Later in the week, we squeezed oranges into cups making orange juice. I took a quick picture of each child. When I returned to the classroom the next time, I had printed out pictures of each child and created a quick book, with a quick repetitive phrase under each photo: “Sara is making it. Jamir is making it. Ryan is making it. Javier is making it. Jenna is making it….” My final page was a picture of the glass of orange juice we made (man does it take a lot of oranges to make a glass of OJ!) and the words “They made orange juice.” I placed the book in the library area. It became a popular choice during “pick a book time.” I’d hear little voices approximating the phrases. My teacher co-worker did as well. We smiled. We introduced many fruits and vegetables throughout the two weeks using the same butcher paper tally chart and language script. Instead of sending home just a sheet of pictures, we also sent the carrier phrases and asked the parents to engage their child into an activity of cutting apart the pictures and placing them to the corresponding carrier phrase. I like apples. I don’t like zucchini. With one slight collaborative modification, my co-worker and I began our journey away from Noun Town.
Nearly a decade after I began my career, I met Kelly Key who was the Assistive Technology Coordinator at my new school district. She was enthusiastically leading a new staff orientation in-service on Core Vocabulary. I nodded my head so vigorously throughout her talk that my neck got sore. She had a name for what I did! And an enthusiasm that was catchy. I was so excited to be in a district where a Universal Core Focus was forefront (To learn more about the Universal Core Approach for Language and Literacy at Barrington IL CUSD #220, check out this link.)
Throughout my career, the small incremental changes like the butcher paper charts have been my most successful actions in changing mindsets. I wholeheartedly believe every child should have access to and continuous aided language stimulation of a robust core-based vocabulary. In viewing my role as a collaborative partner of a multi-disciplinary team who comes to the table with a variety of backgrounds, experiences, and focus, this often has meant starting small.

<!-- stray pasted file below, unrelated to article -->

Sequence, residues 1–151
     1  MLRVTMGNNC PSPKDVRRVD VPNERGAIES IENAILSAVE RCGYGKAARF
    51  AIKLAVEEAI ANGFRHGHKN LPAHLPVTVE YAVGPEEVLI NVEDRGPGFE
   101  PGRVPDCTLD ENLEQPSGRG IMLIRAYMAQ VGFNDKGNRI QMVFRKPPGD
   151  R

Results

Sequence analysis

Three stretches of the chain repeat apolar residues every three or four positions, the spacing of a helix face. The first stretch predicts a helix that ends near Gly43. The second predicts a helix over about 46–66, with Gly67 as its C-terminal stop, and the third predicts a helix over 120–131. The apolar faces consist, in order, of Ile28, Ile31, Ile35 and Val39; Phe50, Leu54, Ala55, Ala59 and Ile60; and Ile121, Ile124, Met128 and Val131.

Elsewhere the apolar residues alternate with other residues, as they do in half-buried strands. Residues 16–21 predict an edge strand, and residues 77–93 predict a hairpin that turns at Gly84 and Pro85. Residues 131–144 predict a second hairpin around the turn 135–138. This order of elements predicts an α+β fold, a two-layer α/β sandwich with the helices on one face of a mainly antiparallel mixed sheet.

One of my easiest ways to introduce core into classrooms is by introducing a song of the week that target core words. (You can access my 16 original all core songs for free here for a limited time. Introduce the song, pass out the core boards, and model away. Ask your co-workers to play the song (1-2 minutes) each day. Warning: the songs are repetitive and stay with you (by design). You may end up with a break room full of staff members humming the tunes and thinking in core. (Score!)
For those of you who are core warriors…tirelessly copying core boards and training every staff member who will give you 5 minutes… those passionately modeling core while hanging out in Noun Town… those who are up against the naysayers or the ‘we’ve-always-done-it-this-way-ers’… I see you and you are making a difference. Don’t stop believing! (Gosh I love Journey!)
This post was written by Carole Zangari